Stepper Motor Controller with H-Bridge

A lot of precision controlled elements in the world are moved using stepper motors. Stepper motors are pretty complicated when compared to simple DC motors. This complexity is where their precision originates. And in order control something that is complex, you need a controller that is also complex: an H-bridge circuit board.

Stepper Motors

Stepper motors are very precise.Stepper motors have copper coils like DC motors do, but instead of being wrapped around a shaft, they are grouped into clusters around the shaft. Fitted to shaft is a gear with teeth. When each coil of copper is fed an electric current, it produces a magnetic charge that pulls the nearest teeth of the gear towards itself. If they are fed electricity in sequence, the shaft will rotate in a smooth motion. This requires a bit of computation to make sure they are switched on in order, at the right speed etc. This is where the H-bridge makes its entrance into this conversation.


An H-bridge is essential two pairs of transistors that are wired together. Transistors are essentially switches that are activated by a small charge which can be sent by an Arduino. When wired correctly, often in an H-bridge configuration, transistors can be used to reverse the direction of current in a circuit. As a result, they are often used to control DC motors giving them the ability to go both forwards and backward without rewiring. H-bridges can be made with 4 transistors and a breadboard, but it’s much more convenient to use a fully assembled H-bridge that is the size of Jolly Rancher. The model I used in this assignment was a Texas Instruments L293DNE.  The L293DNE (and most other models) have 4 logic pins, 4 ground pins, 4 pins to send voltage to the motor, 3 voltage in pins, and 1 pin for the motor’s power source. By sending charges to each of the different logic pins at different times, the 4 voltage-out pins are activated one by one, sending current to the two different copper coils in the stepper motor in either forwards or backward directions.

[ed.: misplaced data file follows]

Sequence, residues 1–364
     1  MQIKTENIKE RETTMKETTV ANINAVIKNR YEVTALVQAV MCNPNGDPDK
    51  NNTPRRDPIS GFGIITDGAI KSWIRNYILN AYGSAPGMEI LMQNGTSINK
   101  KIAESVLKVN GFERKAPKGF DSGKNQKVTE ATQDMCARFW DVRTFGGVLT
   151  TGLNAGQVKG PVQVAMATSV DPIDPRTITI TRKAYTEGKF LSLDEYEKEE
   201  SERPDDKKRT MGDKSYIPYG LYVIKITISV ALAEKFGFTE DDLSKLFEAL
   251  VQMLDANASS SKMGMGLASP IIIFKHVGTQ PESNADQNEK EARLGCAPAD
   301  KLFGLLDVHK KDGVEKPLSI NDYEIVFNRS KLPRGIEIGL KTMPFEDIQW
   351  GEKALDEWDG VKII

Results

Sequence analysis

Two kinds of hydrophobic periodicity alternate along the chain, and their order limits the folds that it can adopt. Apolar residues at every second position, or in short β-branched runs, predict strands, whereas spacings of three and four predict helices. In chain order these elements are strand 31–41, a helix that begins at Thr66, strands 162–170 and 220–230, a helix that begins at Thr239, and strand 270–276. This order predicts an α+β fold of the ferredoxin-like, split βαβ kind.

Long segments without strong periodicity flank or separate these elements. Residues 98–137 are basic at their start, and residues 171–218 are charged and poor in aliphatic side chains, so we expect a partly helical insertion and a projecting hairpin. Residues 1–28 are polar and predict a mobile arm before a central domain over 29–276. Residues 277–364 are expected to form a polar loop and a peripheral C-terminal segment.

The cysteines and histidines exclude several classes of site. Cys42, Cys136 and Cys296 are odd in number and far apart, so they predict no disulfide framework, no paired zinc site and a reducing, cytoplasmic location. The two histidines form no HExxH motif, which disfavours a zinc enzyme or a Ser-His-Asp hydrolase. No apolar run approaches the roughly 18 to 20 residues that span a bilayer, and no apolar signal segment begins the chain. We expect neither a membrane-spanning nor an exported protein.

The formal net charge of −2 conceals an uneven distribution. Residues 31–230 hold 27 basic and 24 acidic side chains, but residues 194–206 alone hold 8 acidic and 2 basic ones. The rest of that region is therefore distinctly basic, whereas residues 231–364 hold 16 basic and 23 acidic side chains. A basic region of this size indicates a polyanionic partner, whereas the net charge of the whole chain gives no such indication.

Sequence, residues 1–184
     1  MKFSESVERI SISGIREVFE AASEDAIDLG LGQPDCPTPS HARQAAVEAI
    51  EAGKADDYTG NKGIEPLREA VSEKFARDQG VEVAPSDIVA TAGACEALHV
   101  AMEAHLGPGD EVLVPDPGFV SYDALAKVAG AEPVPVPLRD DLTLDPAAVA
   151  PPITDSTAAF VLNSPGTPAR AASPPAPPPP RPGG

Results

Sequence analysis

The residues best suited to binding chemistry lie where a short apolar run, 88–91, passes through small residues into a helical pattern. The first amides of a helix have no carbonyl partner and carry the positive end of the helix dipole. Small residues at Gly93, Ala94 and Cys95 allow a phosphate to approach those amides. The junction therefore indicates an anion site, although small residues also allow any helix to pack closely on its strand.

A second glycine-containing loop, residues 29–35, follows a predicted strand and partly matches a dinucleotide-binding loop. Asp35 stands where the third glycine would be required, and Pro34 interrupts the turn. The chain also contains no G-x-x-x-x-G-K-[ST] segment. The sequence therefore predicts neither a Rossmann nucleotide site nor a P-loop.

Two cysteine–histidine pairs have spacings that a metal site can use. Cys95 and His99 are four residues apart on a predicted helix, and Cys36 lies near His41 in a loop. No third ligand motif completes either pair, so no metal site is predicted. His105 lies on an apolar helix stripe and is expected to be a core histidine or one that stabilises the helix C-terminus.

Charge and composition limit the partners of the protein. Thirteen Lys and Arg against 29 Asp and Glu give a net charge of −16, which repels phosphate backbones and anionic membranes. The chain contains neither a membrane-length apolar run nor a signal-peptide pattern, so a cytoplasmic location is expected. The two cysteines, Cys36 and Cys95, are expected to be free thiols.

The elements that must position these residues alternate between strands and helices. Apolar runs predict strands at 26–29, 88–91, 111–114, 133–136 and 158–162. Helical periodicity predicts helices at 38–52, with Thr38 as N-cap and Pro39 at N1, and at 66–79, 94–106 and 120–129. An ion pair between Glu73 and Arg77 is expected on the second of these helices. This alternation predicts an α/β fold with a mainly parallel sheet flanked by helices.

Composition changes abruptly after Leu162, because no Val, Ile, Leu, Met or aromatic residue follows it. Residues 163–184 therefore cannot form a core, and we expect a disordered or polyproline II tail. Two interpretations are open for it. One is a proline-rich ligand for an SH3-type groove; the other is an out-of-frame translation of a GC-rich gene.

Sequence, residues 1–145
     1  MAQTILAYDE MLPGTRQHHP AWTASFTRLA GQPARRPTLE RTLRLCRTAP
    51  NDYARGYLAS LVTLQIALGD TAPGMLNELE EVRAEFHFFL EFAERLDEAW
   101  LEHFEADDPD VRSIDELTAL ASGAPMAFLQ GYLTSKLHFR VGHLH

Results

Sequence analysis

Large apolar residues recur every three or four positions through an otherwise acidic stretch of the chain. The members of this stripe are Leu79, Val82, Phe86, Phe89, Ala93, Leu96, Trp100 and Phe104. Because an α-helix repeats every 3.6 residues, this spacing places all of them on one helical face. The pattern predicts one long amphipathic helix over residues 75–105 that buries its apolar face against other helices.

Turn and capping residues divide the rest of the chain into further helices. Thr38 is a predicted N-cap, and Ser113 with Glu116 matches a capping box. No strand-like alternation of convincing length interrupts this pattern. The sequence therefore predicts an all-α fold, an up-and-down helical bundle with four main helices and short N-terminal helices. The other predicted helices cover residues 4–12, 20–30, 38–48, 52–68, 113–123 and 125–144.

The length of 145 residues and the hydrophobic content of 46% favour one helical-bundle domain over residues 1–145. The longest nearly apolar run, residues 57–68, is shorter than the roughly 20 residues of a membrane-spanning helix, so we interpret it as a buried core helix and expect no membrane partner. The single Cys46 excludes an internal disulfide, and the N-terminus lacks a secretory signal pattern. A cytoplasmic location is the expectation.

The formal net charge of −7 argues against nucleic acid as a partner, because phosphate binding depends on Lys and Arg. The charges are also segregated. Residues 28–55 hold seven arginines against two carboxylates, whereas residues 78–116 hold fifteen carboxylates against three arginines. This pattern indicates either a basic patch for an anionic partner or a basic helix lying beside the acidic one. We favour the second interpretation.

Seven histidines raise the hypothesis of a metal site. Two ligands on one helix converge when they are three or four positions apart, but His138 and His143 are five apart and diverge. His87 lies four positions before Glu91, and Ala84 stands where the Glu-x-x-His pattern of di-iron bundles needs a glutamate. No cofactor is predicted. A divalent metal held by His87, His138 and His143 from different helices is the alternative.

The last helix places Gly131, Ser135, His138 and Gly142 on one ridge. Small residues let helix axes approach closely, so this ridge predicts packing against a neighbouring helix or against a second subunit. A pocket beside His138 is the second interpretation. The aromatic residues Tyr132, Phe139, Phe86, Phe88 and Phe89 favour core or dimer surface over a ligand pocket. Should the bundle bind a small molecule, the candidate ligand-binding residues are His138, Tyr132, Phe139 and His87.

This image explains how the different combinations of current can move a stepper motor to 4 different positions.

Breadboard Prototype

Using this lab as a guide, we got to work on prototyping our circuit boards with breadboards. I managed to fry my Arduino Uno by wiring one of my Arduino’s pins to a live voltage pin. I switched to my Arduino 101, and found out after plenty of trial and error that it didn’t work with an Arduino 101.

My breadboard H-bridge circuit wired to an Arduino 101. This didn’t work.

I actually started over completely from scratch with a new breadboard and even new jumper wires to make sure there was no problem there.

This finally worked. Even though I started over from scratch, the real problem was actually the Arduino.

Final H-Bridge Circuit

After disassembling each part numerous times and reassembling over and over, I knew the entire wiring layout by heart. I used that knowledge to draw a quick sketch of what I wanted my final H-bridge circuit to look like.

My initial sketch of the H-board circuit. A couple of things are different in my final build, but for the most part it’s the same.

I wanted to make sure it was really clean-looking, so I chose to bend all my wires at 90 degrees. This was a great exercise to hone my soldering skills as well, which I only started doing last semester.

I used tape to keep the wires in place while I soldered.


The first jumper cables connected to the H-bridge.
I wanted to minimize the amount of wire crossing to the very least amount possible and to have all of the wires run in orthogonal paths.

The final result turned out better than I expected. I only had to use the solder sucker once to fix a wire meant of hole 6 in hole 7. Some of the solder is still visible.

I chose to have all of the wires connecting to logic pins run up and over, shown in blue, and all of the voltage out wires run down and over to avoid crossing paths.
The back looks pretty clean also.

Fortunately, unlike with the breadboard prototype, the H-bridge worked on the very first try.

The H-bridge circuit in action.

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